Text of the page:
Massimo Merlo, VP of EMEA Enterprise and Regional VP of UK&I at Veeam details why data should be at the heart of digital transformation in the public sector
Earlier this year the UK government unveiled its transformation strategy aimed at harnessing digital technology to change the way it does business. Formally known as the Government Transformation Strategy (GTS), it recognises that ‘data acts as the foundation upon which everything else rests’ and that digital transformation has an important role to play in raising productivity and meeting increasing demands on public services. In short, the public sector needs to be in tune with technological change, and the knock-on effect on citizen expectations, security, and public service delivery.
Digital transformation is a key priority for the overwhelming majority of UK businesses according to recent research, with 94% seeing it as a central pillar of their technology roadmap. Clearly, businesses of all shapes, sizes, and sectors are keen to use digital innovation for competitive advantage.
What we constantly remind ourselves of, however, is that to achieve this, we must be able to deliver access to services, data, and applications at any time and from anywhere.
Around 70% of UK businesses acknowledge that data availability and continuous access to services are a vital requirement for digital transformation. Yet, two-thirds of senior IT leaders surveyed (66%) felt their efforts to go digital is being hampered by unplanned downtime of services as a result of cyber-attacks, infrastructure failures, network outages, and natural disasters. While many businesses are still ‘planning’ or ‘just beginning’ their transformational journeys, more than two thirds (67%) agree that these initiatives are critical.
Ushering in the fourth industrial revolution
In addition to the GTS, the Chancellor outlined plans to make £270m available to ‘keep the UK at the forefront of disruptive technologies’, including artificial intelligence and robotics, as part of the Spring Budget. Against a backdrop of political and economic uncertainty, the Chancellor’s proposed investment in innovation and technology was warmly welcomed. With money being pumped into areas such as robotics and artificial intelligence, it presents a golden opportunity to forcibly move the UK into the 4th industrial revolution.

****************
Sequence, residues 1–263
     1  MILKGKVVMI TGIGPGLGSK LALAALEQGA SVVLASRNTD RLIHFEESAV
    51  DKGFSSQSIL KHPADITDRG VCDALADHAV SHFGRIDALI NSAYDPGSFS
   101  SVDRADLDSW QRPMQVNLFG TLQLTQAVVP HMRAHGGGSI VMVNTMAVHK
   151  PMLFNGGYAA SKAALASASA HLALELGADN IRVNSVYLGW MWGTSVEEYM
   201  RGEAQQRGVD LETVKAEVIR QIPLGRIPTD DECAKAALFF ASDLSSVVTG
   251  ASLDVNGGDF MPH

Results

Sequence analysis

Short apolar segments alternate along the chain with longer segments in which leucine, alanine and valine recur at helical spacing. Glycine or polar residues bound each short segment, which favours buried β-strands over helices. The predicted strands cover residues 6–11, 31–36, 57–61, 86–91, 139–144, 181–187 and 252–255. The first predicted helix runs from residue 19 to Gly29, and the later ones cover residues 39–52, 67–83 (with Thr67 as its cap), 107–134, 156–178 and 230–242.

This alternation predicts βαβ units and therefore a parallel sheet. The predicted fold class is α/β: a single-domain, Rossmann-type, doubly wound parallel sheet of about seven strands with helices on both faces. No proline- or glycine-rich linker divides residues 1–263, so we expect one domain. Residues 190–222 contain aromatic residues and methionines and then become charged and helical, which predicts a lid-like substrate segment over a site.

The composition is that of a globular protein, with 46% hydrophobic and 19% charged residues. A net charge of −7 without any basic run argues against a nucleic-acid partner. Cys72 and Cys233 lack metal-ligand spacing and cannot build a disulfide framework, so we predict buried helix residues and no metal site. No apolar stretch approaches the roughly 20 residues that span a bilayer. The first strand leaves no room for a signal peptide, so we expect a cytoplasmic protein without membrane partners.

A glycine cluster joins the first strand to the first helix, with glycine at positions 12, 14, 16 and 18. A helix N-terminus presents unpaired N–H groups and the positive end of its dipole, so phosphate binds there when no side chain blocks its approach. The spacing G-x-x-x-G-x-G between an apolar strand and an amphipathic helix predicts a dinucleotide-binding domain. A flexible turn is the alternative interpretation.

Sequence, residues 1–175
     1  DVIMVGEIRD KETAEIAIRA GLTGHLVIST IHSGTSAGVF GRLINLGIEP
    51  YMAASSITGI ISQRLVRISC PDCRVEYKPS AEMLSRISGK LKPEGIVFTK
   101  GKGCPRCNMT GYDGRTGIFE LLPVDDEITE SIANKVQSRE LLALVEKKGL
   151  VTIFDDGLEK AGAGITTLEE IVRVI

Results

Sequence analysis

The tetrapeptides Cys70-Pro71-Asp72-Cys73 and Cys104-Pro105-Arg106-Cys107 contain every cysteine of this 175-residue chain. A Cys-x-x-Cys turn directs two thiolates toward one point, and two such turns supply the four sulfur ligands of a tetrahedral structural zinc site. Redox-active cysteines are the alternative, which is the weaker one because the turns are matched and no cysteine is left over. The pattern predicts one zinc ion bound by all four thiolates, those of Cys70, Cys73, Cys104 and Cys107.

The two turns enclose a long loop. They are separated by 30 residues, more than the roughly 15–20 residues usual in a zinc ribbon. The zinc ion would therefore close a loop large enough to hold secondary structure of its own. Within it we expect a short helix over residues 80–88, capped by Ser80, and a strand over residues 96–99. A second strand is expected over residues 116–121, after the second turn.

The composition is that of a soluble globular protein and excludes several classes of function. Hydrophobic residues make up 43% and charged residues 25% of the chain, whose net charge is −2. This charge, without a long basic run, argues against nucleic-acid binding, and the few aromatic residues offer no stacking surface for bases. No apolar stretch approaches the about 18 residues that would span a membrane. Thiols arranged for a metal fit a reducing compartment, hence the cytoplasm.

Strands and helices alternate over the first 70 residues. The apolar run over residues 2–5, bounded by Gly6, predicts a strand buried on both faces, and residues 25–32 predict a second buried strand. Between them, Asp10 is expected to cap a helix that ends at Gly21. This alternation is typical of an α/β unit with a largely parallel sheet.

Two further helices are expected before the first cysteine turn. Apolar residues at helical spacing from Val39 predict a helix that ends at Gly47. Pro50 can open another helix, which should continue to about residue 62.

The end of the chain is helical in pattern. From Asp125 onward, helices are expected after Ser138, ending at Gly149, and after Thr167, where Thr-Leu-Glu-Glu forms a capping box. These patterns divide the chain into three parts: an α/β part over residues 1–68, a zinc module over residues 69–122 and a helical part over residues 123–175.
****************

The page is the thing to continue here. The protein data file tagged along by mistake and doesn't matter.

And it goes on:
However, we have a chicken and egg situation on our hands. True innovation will only be realised if it has the right infrastructure to support it. If the UK is to become the de-facto standard of future-facing technologies, it must go deeper than simply paying lip-service to innovation and consider how technology can truly support it behind-the-scenes. As technology becomes ubiquitous from connected devices to connected services, the pressure increases on the public sector to ensure those services go uninterrupted. Data availability must be at the heart of the digital economy and if the UK is to become data-driven it will require continual access to that data.
Downtime is hampering digital transformation
To be reliable, service levels cannot waiver from continual availability. Immediacy is key in this digital age and the public has zero-tolerance for downtime – whether that’s on an application or in their personal lives. The majority (90%) admit that their IT teams cannot deliver the level of service expected by their employees, a shortfall known as the ‘Availability Gap’. The financial implications of the Availability Gap are huge, costing UK businesses an average of £17.9m every year – potentially costing the economy hundreds of millions of pounds a year when proportioned on a public-sector scale.
The UK economy simply can’t afford to haemorrhage hundreds of millions of pounds a year through suffering unplanned downtime. When you consider that the UK’s economic position is under global scrutiny post Brexit– with a weakened economy, devalued British pound, and poor national productivity– UK businesses must do better to retain a seat at the top table and ensure they are globally competitive.
Meeting the expectations of an always-on world
It’s imperative that business and government leaders ask questions of their digital transformation plans and begin to have different conversations about their existing IT infrastructure. Maintaining the availability of data is a relatively easy win with the right technologies in place.
The data outages and system failures that are becoming mainstream news come as UK businesses and bodies remain incapable of meeting employee and end-user expectations for services, applications, and other data to be constantly online. While some businesses are succeeding in improving their efforts, these increased expectations, combined with an evolving IT landscape, continue to create significant challenges.
If the public sector doesn’t rise to the challenge, the gulf in class with the commercial sector will become ever greater. The new digital economy dictates that old rules don’t apply and businesses of all sizes must ensure they deliver services at any time, from anywhere. Ensuring data availability is an area that is within most businesses capabilities to suitably manage and in 2017 it must move from the ‘wish list’ to the ‘checklist’.
VP of EMEA Enterprise and Regional & VP of UK&I